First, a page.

Immigration chief Aron contests his dismissal

POSTED: 08/17/16 4:25 PM

ST.MAARTEN – The Court in First Instance rules on September 7 on the labor dispute between country St. Maarten and its suspended head of the immigration department Udo Aron. Hedy Kockx, Aron’s attorney, said during a court hearing yesterday that barring her client from his work place lacks a legal basis. The position of the country, represented by Richard Gibson Jr. maintains that Aron overstepped his authority on May 5 when he guided a woman from the Dominican Republic through immigration. Kockx contests this as well.

The justice ministry denied Aron access to his desk on May 21. Kockx said that this measure is based on the LMA – the rulebook for civil servants – but that the LMA does not apply to her client because he is an employee and not a civil servant.

Based on Aron’s labor contract suspension would have been possible, Kockx said, but only if this had been necessary in the interest of the department.

Aron denies that a suspension was necessary because he did not neglect his duties. Furthermore, suspension was not in the interest of the department because the minister of justice, Edson Kirindongo, was just a few months in office and he lacked “knowhow and experience about immigration matters.” The same is true for the recently appointed interim director, Kockx said.

The attorney pointed out that the visa-duty has no legal basis, because the kingdom law has never been established. “Thereforte, a Caribbean visa does not exist. Executing the visa-duty also violates several laws, Kockx said,.

The immigration department judges requests to enter the country based on a so-called “decision to allow entry” – a system that brings to mind the infamous re-entry permits that brought down the former head of the immigration department Marcel Loor and Chief Commissioner Derrick Holiday in 2008.

This decision to allow entry can be considered as an exemption from the visa-duty, Kockx reasoned.

The attorney addressed the assumption that the woman aron guided through emigration would supposedly stay at his hiome and that he would act as her guarantor. “There is nonly one statement from an immigration employee; she made this up to substantiate her claim of abuse of power. Aron does not have any relartionship woith the woman and he never stated that she would stay with him or that he would act as her guarantor,. The guarantor;s declaration was not in the name of my client.”

Kockx spoke of “vulgar gossip” that lacks any objective evidence. She also noted as typical that articles have been used as if their content represented established facts, “notably from the unreliable web site SMN news.”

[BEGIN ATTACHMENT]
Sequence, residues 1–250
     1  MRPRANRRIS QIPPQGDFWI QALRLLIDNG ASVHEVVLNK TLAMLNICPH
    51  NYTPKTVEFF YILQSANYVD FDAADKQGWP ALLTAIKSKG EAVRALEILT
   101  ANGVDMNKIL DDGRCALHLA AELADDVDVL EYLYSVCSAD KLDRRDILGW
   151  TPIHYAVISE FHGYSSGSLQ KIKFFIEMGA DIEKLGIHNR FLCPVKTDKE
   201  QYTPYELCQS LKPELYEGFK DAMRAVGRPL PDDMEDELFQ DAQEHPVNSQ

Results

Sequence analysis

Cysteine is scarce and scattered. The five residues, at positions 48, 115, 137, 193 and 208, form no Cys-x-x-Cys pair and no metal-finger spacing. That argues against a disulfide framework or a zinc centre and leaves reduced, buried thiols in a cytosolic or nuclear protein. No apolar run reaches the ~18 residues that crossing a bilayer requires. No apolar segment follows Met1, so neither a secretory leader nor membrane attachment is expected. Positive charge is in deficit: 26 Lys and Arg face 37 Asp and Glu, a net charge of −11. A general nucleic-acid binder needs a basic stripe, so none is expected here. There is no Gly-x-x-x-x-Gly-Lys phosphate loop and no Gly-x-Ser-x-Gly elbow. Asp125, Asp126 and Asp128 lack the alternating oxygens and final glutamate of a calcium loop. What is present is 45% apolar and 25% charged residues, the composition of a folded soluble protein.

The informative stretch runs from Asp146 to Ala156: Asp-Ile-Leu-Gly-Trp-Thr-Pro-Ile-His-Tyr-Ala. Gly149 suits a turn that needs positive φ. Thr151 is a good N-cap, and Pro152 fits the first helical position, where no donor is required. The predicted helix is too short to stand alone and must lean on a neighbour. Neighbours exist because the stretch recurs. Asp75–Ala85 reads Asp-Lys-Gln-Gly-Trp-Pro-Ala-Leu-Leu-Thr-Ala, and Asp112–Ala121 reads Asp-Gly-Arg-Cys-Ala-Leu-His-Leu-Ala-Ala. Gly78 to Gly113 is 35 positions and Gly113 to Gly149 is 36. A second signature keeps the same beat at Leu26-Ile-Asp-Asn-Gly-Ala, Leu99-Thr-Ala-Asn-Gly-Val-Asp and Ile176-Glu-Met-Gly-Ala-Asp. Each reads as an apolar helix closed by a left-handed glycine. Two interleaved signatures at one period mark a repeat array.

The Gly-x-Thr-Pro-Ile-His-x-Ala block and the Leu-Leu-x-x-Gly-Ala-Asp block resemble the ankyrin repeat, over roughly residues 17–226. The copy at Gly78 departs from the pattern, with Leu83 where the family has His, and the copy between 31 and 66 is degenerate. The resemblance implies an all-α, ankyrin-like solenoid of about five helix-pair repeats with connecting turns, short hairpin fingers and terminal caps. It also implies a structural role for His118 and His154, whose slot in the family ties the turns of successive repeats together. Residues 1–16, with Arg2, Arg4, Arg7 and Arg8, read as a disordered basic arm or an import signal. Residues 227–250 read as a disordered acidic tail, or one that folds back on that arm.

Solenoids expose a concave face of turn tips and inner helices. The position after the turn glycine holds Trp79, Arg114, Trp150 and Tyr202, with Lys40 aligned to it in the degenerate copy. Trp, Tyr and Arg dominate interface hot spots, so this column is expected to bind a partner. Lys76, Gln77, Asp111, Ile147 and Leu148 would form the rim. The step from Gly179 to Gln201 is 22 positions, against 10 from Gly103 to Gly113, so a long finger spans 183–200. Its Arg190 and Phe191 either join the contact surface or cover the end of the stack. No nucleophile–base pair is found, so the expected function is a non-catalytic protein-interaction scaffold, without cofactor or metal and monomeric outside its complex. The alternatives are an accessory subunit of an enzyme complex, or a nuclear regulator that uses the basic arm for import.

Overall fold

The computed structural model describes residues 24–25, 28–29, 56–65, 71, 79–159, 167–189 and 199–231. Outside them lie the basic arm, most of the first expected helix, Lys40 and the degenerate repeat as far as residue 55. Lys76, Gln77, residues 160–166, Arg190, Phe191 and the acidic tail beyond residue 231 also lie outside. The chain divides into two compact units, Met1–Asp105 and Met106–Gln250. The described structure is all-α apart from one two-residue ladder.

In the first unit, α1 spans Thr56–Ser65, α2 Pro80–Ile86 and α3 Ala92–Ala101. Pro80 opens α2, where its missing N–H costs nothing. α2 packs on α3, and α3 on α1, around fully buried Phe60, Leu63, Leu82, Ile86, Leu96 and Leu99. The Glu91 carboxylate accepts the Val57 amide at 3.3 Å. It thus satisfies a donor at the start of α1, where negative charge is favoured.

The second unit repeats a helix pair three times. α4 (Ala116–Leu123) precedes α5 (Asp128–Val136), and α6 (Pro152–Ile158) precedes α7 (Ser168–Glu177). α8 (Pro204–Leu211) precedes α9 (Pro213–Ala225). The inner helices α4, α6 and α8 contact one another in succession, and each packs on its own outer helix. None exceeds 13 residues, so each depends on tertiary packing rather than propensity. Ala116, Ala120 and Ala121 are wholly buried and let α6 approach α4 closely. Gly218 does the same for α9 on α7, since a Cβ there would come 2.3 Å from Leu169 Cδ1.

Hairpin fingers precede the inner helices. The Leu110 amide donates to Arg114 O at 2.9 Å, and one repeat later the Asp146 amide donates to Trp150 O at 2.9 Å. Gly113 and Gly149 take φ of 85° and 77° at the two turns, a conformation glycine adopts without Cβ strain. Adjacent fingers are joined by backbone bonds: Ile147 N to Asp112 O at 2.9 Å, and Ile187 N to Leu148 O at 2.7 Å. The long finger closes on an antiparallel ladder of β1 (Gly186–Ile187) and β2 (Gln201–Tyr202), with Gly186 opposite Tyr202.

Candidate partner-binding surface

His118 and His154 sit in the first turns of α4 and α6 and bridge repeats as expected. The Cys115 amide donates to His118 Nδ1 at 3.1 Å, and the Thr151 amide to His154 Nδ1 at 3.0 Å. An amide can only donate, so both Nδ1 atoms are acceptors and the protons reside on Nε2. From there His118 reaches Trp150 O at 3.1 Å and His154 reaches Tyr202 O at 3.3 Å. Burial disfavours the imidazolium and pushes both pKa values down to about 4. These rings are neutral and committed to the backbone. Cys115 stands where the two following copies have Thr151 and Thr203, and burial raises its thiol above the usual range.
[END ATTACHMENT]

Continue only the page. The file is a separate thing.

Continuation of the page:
Kockx concluded that the measure to deny her client access to his desk and the suspension are void because they lack a legal basis and because these measures were not necessary for the department. “Revoking the authority to take these decisions would have offered sufficient guarantees.”

“Today we heard that a criminal investigation has been initiated,” Kockx continued. “We are three months after the incident and my client has not been interviewed yet and he has not yet been labeled as a suspect.”

Public Prosecutor Martin van Nes attended the court hearing yesterday morning, but he declined to comment on the situation.

The country has announced Aron’s dismissal on august 9.

The country’s attorney, Richard Gibson Jr. told the court that aron had “overstepped his authority: “He was not authorized to issue visas or th grant exemptions. That happens on the kingdom level. He also is not authorized to reconsider a negative decision by an embassy.”

Gibson noted that so-called transit-stamps have mysteriously diasappeared from the immigration at the airport. These stamops are used to mark passports of travelers who indicate that they will continue to another destination the next day and they give permission to stay for 24 hours on the island.

There was also some discussion about the question whether aron was absent from work on May 5 or that he was in fact returning from a work visit. “”The director was absent and then he cannot take decisions,” Gibson said. In his absence it is the minister who decides.”

Judge Sander van Rijen asked about Aron’s performance history, but ministry-representatives had no clear answer. “We have not found a single assessment,” Stanley Kwidama, director of the cabinet at the justice ministry said.

“We can therefore assume that, until the incident, his employment was impeccable,” the judge noted.

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